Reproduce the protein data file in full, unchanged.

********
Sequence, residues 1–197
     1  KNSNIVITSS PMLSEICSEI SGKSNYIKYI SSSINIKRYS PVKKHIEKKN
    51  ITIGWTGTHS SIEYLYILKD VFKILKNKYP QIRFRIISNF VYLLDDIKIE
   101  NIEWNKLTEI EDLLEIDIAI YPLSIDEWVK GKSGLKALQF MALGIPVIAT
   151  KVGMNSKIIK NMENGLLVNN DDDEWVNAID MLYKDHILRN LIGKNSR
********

Sequence, residues 1–197
     1  KNSNIVITSS PMLSEICSEI SGKSNYIKYI SSSINIKRYS PVKKHIEKKN
    51  ITIGWTGTHS SIEYLYILKD VFKILKNKYP QIRFRIISNF VYLLDDIKIE
   101  NIEWNKLTEI EDLLEIDIAI YPLSIDEWVK GKSGLKALQF MALGIPVIAT
   151  KVGMNSKIIK NMENGLLVNN DDDEWVNAID MLYKDHILRN LIGKNSR